What Have We Reaped?
John O’Keefe, Reapers, Odyssey Ensemble Theatre, Los Angeles, opened July 16, 2005
In the program notes for his new play, Reapers, playwright and director John O’Keefe describes the work as a “memory of a fantasy,” “What in Greece was the island, in Iowa, is the farm. The farmer is the king, his wife, the queen, his daughter, the princess, and his son, the prince. Joey Beam is the chorus. The storm has already happened. The play is being performed by ghosts.”
Indeed, life down on the farm as presented by O’Keefe has as much in common with the Furies as it does with any Norman Rockwell portrait of a country family at table. For the Fox family, working a hardscrabble plot with nothing to farm but hay, everything has gone rotten before the play begins. Hulda, the family mother, is catatonic, a wheel-chair bound manikin her son describes as having been stuffed, but who from time to time awakens from its smoldering corpse to terrorize all. Mildred Fox, the mother of this Orestesian-like brood, is a brutalized housewife longing to kill either her husband or son, it doesn’t seem to matter which. Her daughter, Deirdre is a sometimes seemingly innocent but more often flirtatious young woman on the prowl. Son Bruce, whose major activities include raping the sleeping daughters of nearby families, nightly dueling with his father, and ultimately killing his best friend, characterizes his behavior as one of “startlement,” an activity which consists mainly in the play as popping out from beneath the bed of a young man, Tom O’Brien, whom the family has obtained from the state juvenile home to help with the three-day endurance test described as reaping. Locked in the basement between long stretches of hard work, Tom is subjected to homoerotic “startlements” by Bruce as well as the love-starved blandishments of Deirdre. The father is the kind of farmer my own Iowa grandfathers were, men who did little with in their lives but work themselves into death.
As we observe this loving quintet at their evening chowdown (“dinner” is too polite a word), we witness their simple home-bound pleasures: washing their hands, chewing slices of white bread, and verbally abusing one other. Other than the nightly father-son fights in the barn, temporary escapes—the son’s “running” with his friend Dickie, the daughter’s quick forays into the local town for fresh admirers, the father’s insistent consumption of alcohol, and the mother’s brooding day and night-time visions—are the only possible “pleasures” available to them.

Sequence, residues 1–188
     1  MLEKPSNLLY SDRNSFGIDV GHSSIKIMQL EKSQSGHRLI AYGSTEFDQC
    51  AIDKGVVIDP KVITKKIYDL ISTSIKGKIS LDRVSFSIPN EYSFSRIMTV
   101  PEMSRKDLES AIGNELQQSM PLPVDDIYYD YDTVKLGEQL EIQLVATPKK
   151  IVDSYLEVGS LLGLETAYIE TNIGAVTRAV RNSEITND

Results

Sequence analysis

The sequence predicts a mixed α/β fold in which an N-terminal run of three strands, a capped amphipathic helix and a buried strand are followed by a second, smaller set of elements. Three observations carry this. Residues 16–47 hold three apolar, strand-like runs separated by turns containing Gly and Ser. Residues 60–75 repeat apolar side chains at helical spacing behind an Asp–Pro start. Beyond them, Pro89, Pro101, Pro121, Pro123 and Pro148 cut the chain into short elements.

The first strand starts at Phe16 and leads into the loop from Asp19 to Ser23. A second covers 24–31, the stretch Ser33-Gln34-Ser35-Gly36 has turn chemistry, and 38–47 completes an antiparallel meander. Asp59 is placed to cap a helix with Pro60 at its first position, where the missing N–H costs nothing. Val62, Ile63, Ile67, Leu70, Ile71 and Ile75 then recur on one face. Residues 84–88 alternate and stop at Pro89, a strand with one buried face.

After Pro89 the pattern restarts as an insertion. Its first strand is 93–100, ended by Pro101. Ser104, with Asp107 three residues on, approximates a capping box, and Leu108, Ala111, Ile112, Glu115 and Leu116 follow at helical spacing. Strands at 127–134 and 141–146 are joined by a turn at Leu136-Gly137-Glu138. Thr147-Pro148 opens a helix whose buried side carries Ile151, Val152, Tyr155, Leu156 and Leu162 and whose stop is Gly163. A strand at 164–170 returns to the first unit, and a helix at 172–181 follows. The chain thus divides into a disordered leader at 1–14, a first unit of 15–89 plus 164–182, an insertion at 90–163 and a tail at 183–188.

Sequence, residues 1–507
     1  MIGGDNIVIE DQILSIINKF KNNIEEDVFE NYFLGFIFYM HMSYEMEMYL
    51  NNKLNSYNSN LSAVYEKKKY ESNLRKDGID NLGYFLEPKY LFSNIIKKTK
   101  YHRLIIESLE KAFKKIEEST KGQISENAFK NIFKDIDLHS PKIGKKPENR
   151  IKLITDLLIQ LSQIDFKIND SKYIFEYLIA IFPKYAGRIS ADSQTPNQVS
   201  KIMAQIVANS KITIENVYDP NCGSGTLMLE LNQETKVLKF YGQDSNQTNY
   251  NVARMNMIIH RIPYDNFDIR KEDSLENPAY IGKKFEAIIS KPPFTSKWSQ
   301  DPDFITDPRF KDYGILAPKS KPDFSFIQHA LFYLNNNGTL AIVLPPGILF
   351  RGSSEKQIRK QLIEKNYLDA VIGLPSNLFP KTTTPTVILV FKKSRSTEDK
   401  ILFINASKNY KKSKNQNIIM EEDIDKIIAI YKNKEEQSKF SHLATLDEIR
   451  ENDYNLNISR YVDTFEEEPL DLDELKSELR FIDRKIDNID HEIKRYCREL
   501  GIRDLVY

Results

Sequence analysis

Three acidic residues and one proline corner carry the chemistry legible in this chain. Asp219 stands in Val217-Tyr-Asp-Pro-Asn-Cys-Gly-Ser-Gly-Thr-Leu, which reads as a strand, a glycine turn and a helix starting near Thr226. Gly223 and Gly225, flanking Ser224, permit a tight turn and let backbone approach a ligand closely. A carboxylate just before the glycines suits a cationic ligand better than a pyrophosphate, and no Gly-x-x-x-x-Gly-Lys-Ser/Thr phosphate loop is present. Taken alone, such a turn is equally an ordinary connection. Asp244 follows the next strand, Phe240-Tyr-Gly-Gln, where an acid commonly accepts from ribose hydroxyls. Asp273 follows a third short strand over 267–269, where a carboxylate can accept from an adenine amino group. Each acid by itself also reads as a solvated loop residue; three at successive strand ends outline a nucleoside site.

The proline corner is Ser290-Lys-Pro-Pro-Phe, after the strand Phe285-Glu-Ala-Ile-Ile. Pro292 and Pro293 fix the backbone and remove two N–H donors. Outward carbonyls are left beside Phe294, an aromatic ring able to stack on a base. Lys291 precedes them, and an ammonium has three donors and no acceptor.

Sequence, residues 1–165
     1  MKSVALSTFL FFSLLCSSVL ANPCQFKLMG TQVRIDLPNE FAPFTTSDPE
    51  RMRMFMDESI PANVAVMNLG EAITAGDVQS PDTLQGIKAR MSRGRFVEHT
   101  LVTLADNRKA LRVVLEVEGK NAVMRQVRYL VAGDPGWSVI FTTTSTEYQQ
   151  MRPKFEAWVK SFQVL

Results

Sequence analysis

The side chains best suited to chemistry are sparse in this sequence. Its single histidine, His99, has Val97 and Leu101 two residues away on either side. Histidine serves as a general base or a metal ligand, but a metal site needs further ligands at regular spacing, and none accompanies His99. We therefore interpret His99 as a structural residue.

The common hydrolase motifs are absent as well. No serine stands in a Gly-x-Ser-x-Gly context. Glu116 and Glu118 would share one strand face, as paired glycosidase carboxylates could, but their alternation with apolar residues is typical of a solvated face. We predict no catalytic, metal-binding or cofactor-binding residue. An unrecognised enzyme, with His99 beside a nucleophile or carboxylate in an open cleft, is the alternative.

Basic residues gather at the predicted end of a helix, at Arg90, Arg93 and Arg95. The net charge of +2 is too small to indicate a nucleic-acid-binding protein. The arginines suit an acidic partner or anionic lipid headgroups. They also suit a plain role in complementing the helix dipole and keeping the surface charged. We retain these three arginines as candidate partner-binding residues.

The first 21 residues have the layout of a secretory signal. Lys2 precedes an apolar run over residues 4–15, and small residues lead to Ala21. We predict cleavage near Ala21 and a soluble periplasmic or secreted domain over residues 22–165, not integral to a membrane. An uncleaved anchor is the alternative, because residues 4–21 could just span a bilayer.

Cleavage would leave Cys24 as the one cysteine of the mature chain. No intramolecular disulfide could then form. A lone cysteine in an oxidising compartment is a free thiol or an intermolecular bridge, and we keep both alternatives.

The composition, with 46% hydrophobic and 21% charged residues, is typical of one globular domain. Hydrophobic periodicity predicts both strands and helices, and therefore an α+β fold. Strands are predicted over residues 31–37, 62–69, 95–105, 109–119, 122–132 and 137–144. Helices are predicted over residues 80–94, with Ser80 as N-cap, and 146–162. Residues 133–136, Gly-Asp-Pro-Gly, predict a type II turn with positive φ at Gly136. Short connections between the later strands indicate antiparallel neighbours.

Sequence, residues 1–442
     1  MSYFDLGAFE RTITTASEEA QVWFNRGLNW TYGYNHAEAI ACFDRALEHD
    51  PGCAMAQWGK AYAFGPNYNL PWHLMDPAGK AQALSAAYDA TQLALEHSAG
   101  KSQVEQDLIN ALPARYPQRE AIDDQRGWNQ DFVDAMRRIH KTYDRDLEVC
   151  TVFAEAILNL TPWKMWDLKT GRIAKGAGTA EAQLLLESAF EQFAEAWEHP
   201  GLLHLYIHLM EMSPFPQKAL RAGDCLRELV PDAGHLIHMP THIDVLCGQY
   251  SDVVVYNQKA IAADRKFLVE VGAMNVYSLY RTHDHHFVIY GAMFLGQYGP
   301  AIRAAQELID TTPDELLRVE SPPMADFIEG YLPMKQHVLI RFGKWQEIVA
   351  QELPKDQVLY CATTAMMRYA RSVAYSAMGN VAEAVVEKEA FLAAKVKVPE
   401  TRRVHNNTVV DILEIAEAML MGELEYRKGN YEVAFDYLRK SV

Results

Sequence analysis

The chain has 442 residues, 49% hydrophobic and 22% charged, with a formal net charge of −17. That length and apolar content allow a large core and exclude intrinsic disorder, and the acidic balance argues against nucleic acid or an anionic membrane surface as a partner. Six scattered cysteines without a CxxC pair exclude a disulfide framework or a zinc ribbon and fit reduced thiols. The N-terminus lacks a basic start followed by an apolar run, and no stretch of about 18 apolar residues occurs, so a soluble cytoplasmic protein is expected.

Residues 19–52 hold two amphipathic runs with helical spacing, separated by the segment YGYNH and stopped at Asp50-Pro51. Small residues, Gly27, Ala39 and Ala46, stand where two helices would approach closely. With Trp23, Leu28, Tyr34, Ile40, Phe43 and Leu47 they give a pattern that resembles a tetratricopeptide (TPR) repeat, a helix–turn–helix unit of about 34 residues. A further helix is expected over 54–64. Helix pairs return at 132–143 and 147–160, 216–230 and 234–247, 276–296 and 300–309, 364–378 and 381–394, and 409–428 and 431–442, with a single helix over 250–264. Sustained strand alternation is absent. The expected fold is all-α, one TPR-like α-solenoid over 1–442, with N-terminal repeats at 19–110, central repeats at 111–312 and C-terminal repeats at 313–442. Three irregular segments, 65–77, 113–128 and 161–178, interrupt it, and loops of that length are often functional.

But there is no escape, obviously, for the young Tom. He is their temporary prisoner, and as an outside agent caught in this spinning web of horror, is called upon to witness their unspeakable deeds and unwillingly participate with their disgusting visions and acts. At moments, O’Keefe brilliantly crystallizes the absurd but utterly logical political conclusions of right-wing America: it’s time to stop allowing foreigners to come here and take over our jobs, and to start sending Americans overseas to destroy the foreigners homes and cities and take over their jobs, their oil wells, their manufacturing plants.
The satire of this play, however, is at other times too broad. Religious fervor, racial prejudice, violent political values—the author has perhaps created too many vectors for this wacky, ultra-dysfunctional family to successfully embrace; and the final furor of nature, madness, and personal hate take the play to a mountaintop of hysteria that the wide-eyed audience can merely endure—all belief in and sympathy for its characters having long been erased.
Rather the “hero” of this fantasy is nature itself, the forces that every farmer knows are at the center of his existence. Like O’Keefe, I grew up in Iowa, where living even in a city as I did, the constant subject of daily life was the weather—there was never enough rain and there was always too much; it was always too hot, too cold. Every farm family had tales of relatives being killed by or surviving tornadoes.
The single-man chorus of this play, Joey Beam, poetically conjures up a world of just such forces—clouds that shout, winds that whisper, earth that cries out from its daily abuse. And at the center of the horrible fury of this play are characters desperate themselves to sing out for joy of living and the praise of nature’s gifts. Deirdre and Tom both sing lovingly at moments in the play, and in short scene, hidden away in her upstairs bedroom, the two remind one almost of another young couple, George Gibbs and Emily Webb of Our Town, discussing their lives and futures. We quickly realize, however, that, unlike the world facing the Thornton Wilder figures, the couple of this current-day fantasy have no real lives, no real future to embrace. Tom attempts to describe his family as a “broken” one, with a dead father and a mother who “forgets” him for long stretches in state orphanages and juvenile centers. Deirdre decries his metaphors as mere euphemisms. What is “broken” about a relationship where a mother refuses to retrieve him? The “relationship” is one of hostility, not a “break,” which might suggest a possible mending. For, as she knows from her own insufferable life, there is no longer any hope for love. It may be that, given the “relationships” these would-be dreamers have had to endure, there is no longer even a possibility of hope. As the author describes the changing forces of nature in our real global-warmed world: “Diseases spread, spring arrives earlier, plant and animal range shift, the coral reefs bleach. There are downpours, heavy snowfalls, flooding, droughts and fires.” Let us hope, O’Keefe seems to argue, that we awaken before the Apocalypse arrives.
Copyright ©2006 by Green Integer.